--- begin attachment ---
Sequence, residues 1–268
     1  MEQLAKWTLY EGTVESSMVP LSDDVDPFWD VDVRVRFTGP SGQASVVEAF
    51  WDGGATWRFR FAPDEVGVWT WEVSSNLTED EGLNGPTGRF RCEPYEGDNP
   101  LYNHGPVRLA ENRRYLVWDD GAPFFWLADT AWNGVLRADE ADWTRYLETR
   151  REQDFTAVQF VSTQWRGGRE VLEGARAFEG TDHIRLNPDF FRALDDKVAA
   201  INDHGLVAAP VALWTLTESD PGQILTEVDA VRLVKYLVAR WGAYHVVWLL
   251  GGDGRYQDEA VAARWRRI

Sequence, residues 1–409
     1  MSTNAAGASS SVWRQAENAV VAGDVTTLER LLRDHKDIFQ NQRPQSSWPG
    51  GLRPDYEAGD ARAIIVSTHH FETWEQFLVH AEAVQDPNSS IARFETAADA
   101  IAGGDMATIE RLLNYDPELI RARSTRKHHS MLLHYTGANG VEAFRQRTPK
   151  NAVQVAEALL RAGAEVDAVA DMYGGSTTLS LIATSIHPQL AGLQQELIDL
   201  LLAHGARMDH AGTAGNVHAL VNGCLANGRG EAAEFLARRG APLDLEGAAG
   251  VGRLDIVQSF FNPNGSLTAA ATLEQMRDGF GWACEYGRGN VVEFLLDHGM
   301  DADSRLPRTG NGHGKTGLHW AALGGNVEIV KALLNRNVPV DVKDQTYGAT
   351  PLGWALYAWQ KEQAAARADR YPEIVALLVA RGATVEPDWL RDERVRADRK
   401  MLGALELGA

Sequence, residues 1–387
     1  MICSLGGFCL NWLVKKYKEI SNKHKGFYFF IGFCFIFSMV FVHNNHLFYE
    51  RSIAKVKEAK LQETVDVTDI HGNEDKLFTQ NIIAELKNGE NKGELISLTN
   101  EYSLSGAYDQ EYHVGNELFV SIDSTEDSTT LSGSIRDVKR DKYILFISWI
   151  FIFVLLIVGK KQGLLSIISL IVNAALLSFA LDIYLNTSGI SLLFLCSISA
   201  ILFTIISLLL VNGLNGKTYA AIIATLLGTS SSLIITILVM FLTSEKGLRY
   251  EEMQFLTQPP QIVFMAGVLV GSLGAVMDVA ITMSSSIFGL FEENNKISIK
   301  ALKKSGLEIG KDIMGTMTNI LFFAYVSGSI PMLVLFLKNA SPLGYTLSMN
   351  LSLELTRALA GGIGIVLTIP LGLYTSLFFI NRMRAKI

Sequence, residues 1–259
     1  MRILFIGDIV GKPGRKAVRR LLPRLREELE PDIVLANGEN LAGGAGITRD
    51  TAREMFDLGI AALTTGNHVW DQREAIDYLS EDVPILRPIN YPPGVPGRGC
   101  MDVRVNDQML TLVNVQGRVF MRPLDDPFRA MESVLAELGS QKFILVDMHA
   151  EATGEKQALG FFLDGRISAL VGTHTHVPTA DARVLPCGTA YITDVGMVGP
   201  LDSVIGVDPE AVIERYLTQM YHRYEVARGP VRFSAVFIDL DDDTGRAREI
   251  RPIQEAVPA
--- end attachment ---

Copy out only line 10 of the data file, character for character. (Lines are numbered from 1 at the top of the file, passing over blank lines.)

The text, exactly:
    51  GLRPDYEAGD ARAIIVSTHH FETWEQFLVH AEAVQDPNSS IARFETAADA